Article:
the interests of the objector, should be treated as devalued by reason of such
motivation’. Sales LJ made a number of interesting further comments:

  • ·       
    That it was material that P was requesting his sensitive
    personal data; Sales LJ saw the status of SPD as being of ‘special sensitivity
    and significance and as generally meriting enhanced protection’ as justifying
    additional weight under a SAR request, given the interest of the data subject
    in ‘checking the accuracy’ of the data;
  • ·       
    That it was hard to see ‘what legitimate privacy
    reason Dr B had for objecting to the disclosure to P’: Dr B had no proper
    interest in P ‘proceeding on the basis of false information’. This is
    questionable; it is always possible to say that privacy has no intrinsic value
    (‘do you have something to hide?’), but the intrinsic value of privacy rights –
    including those of third parties in a ‘mixed data’ situation – is a basic tenet
    of the data protection legislation;
  • ·       
    That the desire of a third party objector to
    avoid litigation is not a privacy-related interest, and so ‘is peripheral to
    the main focus of that balancing exercise, which is concerned with weighing the
    privacy interests of the requester and the objector’. This may well be true
    where the litigation would concern the public actions of a professional, such
    as Dr B; it is less obviously right where the litigation would itself involve
    the disclosure of private information;
  • ·       
    That the data controller, when considering an
    objection to disclosure in a mixed data situation, ‘will generally be entitled
    to focus on the objector’s arguments in evaluating his interest in having
    disclosure withheld’, at least where other matters are not obvious. This will
    be of obvious help to data controllers dealing with such objections. 

Both Sales LJ and Arden LJ were concerned by the possibility
that a data subject recipient of ‘mixed’ personal data following a SAR might ‘use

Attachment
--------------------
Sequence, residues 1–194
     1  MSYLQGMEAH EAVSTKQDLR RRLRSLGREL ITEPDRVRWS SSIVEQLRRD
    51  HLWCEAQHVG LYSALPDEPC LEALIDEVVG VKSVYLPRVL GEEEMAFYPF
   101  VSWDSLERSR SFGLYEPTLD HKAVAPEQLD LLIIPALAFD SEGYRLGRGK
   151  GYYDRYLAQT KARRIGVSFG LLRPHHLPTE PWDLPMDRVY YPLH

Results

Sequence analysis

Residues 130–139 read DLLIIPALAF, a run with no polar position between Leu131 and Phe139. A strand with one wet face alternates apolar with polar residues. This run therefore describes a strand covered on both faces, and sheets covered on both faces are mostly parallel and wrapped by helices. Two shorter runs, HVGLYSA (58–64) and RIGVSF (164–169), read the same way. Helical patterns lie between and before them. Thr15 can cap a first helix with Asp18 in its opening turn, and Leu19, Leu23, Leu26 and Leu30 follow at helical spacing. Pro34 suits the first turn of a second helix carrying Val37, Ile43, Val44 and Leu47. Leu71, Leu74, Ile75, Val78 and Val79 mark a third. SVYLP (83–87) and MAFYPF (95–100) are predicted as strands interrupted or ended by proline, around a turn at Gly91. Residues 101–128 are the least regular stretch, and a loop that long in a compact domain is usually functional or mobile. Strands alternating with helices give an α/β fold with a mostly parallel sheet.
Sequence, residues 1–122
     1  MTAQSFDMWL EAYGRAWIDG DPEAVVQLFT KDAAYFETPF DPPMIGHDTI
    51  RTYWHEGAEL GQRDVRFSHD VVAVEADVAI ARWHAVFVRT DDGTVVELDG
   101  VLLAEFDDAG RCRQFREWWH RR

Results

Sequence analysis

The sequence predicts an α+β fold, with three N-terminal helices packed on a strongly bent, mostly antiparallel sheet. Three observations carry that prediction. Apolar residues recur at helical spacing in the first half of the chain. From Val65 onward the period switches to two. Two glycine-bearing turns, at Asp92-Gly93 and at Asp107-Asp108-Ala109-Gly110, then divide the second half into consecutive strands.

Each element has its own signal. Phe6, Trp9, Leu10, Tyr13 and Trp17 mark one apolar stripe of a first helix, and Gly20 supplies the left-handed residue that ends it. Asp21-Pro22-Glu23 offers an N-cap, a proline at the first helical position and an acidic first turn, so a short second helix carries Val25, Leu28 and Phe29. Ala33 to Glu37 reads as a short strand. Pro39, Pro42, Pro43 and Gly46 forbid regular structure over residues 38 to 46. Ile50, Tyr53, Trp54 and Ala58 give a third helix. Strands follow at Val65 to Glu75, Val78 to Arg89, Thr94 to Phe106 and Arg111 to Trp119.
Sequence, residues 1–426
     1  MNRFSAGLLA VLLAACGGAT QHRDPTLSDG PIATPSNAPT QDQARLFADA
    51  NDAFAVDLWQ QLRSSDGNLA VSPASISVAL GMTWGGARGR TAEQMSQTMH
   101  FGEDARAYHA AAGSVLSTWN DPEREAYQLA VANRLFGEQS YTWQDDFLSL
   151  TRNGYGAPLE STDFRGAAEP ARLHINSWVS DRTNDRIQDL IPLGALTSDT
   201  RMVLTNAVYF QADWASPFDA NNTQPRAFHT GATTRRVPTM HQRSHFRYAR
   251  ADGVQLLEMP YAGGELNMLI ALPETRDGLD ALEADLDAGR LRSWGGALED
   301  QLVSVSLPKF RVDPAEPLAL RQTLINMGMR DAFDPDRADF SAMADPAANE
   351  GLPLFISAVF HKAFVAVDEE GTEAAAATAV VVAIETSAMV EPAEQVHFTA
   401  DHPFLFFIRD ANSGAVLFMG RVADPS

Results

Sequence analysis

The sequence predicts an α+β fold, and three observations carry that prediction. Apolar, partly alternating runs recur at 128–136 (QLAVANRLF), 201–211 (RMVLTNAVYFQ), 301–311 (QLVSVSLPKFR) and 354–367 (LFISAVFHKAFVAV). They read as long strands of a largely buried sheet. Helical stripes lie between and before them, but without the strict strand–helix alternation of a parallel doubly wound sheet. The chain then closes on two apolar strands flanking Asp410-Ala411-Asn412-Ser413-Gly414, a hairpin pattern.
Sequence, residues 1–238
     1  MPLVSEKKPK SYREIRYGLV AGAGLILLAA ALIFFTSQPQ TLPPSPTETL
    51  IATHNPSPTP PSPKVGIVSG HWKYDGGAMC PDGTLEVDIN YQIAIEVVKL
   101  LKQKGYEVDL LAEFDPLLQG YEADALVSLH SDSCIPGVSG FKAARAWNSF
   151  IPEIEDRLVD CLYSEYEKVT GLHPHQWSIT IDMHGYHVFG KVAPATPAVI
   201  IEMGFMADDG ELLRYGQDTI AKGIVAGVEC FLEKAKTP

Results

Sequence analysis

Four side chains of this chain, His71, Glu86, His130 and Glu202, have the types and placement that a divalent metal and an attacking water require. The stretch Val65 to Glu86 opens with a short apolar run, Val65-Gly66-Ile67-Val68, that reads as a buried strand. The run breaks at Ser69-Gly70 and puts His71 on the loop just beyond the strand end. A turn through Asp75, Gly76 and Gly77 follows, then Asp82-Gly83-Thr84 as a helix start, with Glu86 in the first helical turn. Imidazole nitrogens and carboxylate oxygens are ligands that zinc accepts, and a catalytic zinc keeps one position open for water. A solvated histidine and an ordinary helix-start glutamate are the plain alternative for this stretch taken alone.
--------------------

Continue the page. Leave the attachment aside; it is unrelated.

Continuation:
the information obtained for an illegitimate purpose, eg, to post the
information on the internet to try to traduce the objector’. They suggested
that it would ‘be open to the data controller in such a case to invite the
requester to consider giving a binding contractual undertaking to the data
controller or the objector or both, to restrict the use to which the information
might be put’, and then to take the offer (or failure to offer) such an
undertaking into account in the balancing exercise. Arden LJ went beyond Sales
LJ’s suggestion of a contractual undertaking to suggest the possibility of an
undertaking to the court in respect of such data. Both were, however, also keen
to emphasise that this would be an unusual course.

Although one can see the concern underlying this suggestion,
its practical application is likely to create considerable difficulties – data
subject requesters are unlikely to wish to be constrained in their subsequent
use of what is, ultimately, their own personal data, while demands for such
undertakings will now presumably be a regular feature of the complaints of
third party objectors.

The margin of discretion

As already noted, the judgments of the majority took a
generous approach to the discretion given to the data controller by the DPA
1998. To quote the key parts of Sales LJ’s judgment:

  • ·       
    It is the data controller who is the primary decision-maker
    in assessing whether it is reasonable or not [to disclose]’.

  • ·       
    ‘the legislature contemplated that individual
    data controllers should be afforded a wide margin of assessment in making the
    evaluative judgments required in balancing the privacy rights and other
    interests in issue under section 7(4)’.

  • ·       
    ‘data controllers generally have a wide
    discretion as to which particular factors to treat as relevant to the balancing

All of which will be music to the ears of the data
controller caught between the Scylla of a requester and the Charybdis of an
objector, but less so for the sea monster and whirlpool in question (or for
those advising them).

Where to now?

Overall, a clear judgment delivering welcome certainty on
the proper approach to ‘mixed data’ questions.

This was a judgment under the DPA 1998. The inevitable
question (as always): what about the brave new world of the GDPR? The answer,
as is frequently the case: basic continuity.

The subject access right is set out in GDPR, article 15.
Schedule 2, para 16 of the DPA 2018 sets up a restriction to the subject access
right in ‘mixed data’ cases, subject to consent or to the application of a
reasonableness test, and so a scheme functionally very similar to the repealed
provisions in s 7 of the DPA 1998. DB
will be of direct relevance to that scheme.

Rupert Paines is a barrister
at 11 KBW: 

This article first appeared
as a blog post on the Panopticon blog.